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Re: Nmap - Summer Project Idea
From: Fyodor <fyodor () nmap org>
Date: Mon, 17 Feb 2014 13:29:50 -0800

On Fri, Feb 14, 2014 at 6:24 PM, Everardo Padilla Saca <
everardo.padilla.saca () gmail com> wrote:

Hi all,
I've been thinking on how I could make something useful for the Nmap
community. I would appreciate your feedback on this idea. It's about a
distributed Nmap network with a RESTful backend, where multiple Nmap
clients are managed by a control server, who is managed by the final
user(s) through a web browser.

If you all think this is a worthy/relevant idea it would be nice if it
could be part of this year's GSoC. I would like to hear your opinions and

A bit about myself: I'm a last year BSc in Computer Science student, about
to start working for my Uni on researching methods for IPv6 address
exploring with Raul Fuentes' work shown here
http://seclists.org/nmap-dev/2013/q4/285 (currently working on those
scripts' code).

Hi Everado, and thanks for sending your idea!  The Nmap Project has again
applied as a mentoring organization for the Google Summer of Code and we're
hopeful for another great year!  Assuming we get accepted again, this will
be our 10th year participating.  I don't know how many other orgs have
participated in every year Google has offered this program, but I'll bet it
isn't many.

You sound quite motivated and ambitious and I would definitely encourage
you to apply for Nmap SoC!  Your Clustered Nmap is a great project, but I'm
not sure it's the sort of thing we'll be looking for this year.  We've done
a lot of somewhat external-to-nmap SoC projects in the past (Ncat, Nping,
Zenmap, Ncrack, etc.), but I'm thinking we might turn more inward this
summer and focus on improvements to Nmap itself.

Perhaps you could focus more on performance increases by optimizing Nmap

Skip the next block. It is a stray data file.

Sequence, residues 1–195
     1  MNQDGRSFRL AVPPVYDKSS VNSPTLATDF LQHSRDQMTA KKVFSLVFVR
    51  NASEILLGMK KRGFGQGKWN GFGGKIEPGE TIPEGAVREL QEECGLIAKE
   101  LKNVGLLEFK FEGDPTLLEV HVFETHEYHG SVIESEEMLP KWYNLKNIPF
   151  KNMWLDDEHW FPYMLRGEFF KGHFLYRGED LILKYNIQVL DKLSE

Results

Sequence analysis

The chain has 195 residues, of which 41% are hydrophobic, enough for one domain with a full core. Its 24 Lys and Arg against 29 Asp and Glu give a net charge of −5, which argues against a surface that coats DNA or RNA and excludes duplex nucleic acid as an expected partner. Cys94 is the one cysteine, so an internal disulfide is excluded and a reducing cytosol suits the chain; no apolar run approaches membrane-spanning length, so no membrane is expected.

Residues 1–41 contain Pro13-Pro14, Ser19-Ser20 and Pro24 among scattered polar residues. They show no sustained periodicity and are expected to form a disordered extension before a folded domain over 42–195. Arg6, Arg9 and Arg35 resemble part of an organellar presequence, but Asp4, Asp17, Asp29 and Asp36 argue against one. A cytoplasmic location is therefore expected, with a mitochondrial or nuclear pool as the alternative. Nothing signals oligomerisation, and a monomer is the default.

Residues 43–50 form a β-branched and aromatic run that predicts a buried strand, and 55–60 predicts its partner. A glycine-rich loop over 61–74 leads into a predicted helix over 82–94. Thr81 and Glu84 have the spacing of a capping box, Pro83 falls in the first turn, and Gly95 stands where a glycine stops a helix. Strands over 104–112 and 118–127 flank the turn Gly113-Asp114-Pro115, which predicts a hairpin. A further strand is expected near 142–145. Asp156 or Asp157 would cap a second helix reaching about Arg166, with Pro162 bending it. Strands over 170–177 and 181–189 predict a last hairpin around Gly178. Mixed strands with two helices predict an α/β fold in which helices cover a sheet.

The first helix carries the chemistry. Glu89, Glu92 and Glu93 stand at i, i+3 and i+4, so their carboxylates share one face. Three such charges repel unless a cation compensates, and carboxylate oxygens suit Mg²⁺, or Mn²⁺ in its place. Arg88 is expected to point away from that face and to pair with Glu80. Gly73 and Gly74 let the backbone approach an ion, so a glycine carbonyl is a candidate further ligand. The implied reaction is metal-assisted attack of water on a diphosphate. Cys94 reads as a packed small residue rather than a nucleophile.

itself rather than by executing many Nmap instances in parallel.  For
example, we've talked about optimizing Nmap's fixed rate scanning (e.g.
--min-rate) so it can keep up with the likes of zmap and masscan.  Those
tools are only useful in very specific edge cases, IMHO, but they are edge
cases in which there has long been much interest.  I mean who doesn't love
massive Internet scanning/sampling/research?  This work could be paired
with empirical scanning to assess the results and reliability of changes
and optimizations in the real world.  We maintain a system on a fast
network for this purpose.

I should also mention that the part in your bio about "researching methods
for IPv6 address exploring" is something we continue to be very interested
in.  Perhaps it could be worked into the application in some way.

Note that we haven't yet done much organizational discussion or meetings
about our GSoC ideas for this year (the current ideas list on the site is
from last year), so you can take all this with a bit of a grain of salt.
 But it is based on my discussions with a number of other Nmap devs.  Also,
anyone is free to post their own ideas on our community GSoC ideas page:

Sent through the dev mailing list
Archived at http://seclists.org/nmap-dev/

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